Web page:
Persons with integrity understand that one cannot do the right thing in a vacuum. Just institutions, whether social, political, or financial, are the underpinnings of personal integrity. Persons with integrity also care about their neighbors, their nation, and the world, and they manifest this caring in conscious political activity. Although for the bulk of this book we will be concerned with developing one’s own character and conscience, we will also look at the larger social forces that either support or undercut this task. Before we look at the larger social forces, let’s take a moment to reflect on some of the causes of personal misconduct, some of the ways in which our individual integrity can be challenged.
Philosophers have been asking this question for a very long time. From Plato and Aristotle through Immanuel Kant, David Hume, Jean Paul Sartre, and others, and in numerous systems of thought around the world, it is a question that has inspired different sorts of answers. Philosophers have broadly addressed two types of misconduct in these discussions: personal misconduct and group misconduct.
The standard case of wrongdoing is when one person does something that harms another person. This is personal misconduct. But it is possible for wrongdoing to be done by a group of people. Many people have tried to explain group misconduct by finding individuals within groups who did something wrong, but this is problematic for two reasons. First, group dynamics make a big difference in how individuals behave, so it is important to look at how misconduct occurs in a group setting. Second, sometimes the misconduct cannot be laid at the feet of any particular individuals because it involves group culture or practice. For these reasons, we will be looking at personal misconduct and group misconduct separately.
Causes of Personal Misconduct
Plato thought that people did the wrong thing only out of ignorance. This view was shared by Kant, a very influential eighteenth-century German philosopher. Buddhists offer a similar answer, though their idea of what we have to know to do the right thing is more complex than Plato’s and Kant’s views. Aristotle also had a more complex view. He thought that misconduct was either a product of ignorance, weak will, or malice. Ignorance can take two forms: We can be ignorant about what is right or wrong, or we can be ignorant about whether a particular thing is in the category we identify as right or wrong. For example, someone may tell a lie because he or she does not understand that lying is wrong. This is an example of ignorance of the first kind. But one may also tell a “lie” by just “bending the truth a little,” perhaps to avoid hurting someone else’s feelings. In this case, the person who lied may not think it was wrong to tell the lie; after all, hurt feelings were avoided. This might be considered an example of ignorance of the second kind.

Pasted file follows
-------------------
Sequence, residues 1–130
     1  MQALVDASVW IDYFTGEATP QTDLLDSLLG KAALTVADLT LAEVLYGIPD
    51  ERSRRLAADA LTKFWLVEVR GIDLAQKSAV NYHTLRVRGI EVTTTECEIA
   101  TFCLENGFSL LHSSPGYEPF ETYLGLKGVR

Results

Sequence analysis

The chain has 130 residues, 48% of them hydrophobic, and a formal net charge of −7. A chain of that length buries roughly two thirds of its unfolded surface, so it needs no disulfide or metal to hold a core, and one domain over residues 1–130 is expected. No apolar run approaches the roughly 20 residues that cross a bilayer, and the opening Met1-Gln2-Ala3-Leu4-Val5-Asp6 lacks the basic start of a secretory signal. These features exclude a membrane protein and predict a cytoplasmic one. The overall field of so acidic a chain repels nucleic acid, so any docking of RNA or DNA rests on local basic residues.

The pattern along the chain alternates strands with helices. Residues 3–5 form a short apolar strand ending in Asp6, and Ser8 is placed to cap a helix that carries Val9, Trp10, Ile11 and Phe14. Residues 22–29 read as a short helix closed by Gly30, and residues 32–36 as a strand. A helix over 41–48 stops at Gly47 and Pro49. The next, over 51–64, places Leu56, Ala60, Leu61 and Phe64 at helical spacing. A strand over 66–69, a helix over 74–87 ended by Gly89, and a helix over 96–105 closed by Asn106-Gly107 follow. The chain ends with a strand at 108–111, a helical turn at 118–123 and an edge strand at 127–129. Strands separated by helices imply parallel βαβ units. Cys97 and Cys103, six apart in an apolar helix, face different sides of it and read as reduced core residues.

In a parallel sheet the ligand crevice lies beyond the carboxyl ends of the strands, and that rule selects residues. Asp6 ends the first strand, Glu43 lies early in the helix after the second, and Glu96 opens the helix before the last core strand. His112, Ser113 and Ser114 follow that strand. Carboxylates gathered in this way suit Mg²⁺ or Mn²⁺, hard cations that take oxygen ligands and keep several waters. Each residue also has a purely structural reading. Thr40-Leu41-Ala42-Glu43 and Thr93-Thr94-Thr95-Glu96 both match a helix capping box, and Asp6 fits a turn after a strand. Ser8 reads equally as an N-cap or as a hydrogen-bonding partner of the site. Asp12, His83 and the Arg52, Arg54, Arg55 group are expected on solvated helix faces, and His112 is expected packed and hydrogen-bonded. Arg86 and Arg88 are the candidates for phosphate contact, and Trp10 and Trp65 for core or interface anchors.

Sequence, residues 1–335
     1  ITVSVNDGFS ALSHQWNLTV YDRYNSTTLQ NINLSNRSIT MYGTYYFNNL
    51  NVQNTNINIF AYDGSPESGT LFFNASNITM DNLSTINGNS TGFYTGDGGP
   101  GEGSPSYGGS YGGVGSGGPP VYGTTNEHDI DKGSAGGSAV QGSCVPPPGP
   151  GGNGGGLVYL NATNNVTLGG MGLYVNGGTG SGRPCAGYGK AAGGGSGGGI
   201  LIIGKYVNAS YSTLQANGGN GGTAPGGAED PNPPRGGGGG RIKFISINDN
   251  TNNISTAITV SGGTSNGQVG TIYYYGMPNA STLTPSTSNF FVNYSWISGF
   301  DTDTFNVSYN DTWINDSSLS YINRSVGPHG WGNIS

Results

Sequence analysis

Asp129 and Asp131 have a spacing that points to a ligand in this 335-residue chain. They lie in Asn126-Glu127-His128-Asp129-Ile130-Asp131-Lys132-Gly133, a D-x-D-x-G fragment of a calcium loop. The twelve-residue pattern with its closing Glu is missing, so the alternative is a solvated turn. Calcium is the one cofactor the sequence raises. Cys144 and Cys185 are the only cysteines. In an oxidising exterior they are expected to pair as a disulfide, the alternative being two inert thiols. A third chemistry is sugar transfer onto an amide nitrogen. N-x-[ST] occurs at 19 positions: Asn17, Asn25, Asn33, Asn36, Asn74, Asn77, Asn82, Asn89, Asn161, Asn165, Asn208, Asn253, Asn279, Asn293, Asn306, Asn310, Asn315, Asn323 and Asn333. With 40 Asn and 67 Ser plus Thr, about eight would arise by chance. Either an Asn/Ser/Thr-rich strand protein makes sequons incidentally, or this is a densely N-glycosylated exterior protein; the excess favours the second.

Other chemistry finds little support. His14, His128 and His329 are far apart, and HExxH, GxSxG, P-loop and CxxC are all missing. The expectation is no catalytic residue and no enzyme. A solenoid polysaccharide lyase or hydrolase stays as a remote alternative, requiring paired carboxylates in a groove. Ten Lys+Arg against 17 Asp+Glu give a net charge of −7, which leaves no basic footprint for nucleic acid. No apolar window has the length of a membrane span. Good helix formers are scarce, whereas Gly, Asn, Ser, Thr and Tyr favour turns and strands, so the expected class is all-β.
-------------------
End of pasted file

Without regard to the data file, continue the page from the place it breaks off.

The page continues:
The discussions in this text should help you to dispel ignorance of both kinds. Malice is a different thing altogether. A person of malice does the wrong thing simply because he or she wants to do wrong. This individual realizes that what he or she is doing is wrong and wants to do it anyway, perhaps because it is wrong. This is true evil, and luckily it is not very common.
This leaves Aristotle’s third category: weakness of will. A person with a weak will wants to do the right thing, but he or she has desires that conflict with doing it. The desire to gain something for ourselves, the desire for approval, and the fear of disapproval or punishment all may conflict with the desire to do the right thing. Often we rationalize our behavior in these cases: “Everyone else is doing it.” “I’m not powerful enough to really make a difference.” “I’m a nice person so this can’t really be that bad.” “Being a good friend means looking the other way.” A more damaging kind of rationalizing is denial. We deny that we are doing anything wrong. We blame our victims. We say that the world just isn’t fair. We say that it’s not our fault, point out that there are people who are much worse than we are, claim that we are only doing what we are told, or blame our parents, our therapists, our spouses, or our children. Jean Paul Sartre, a famous F...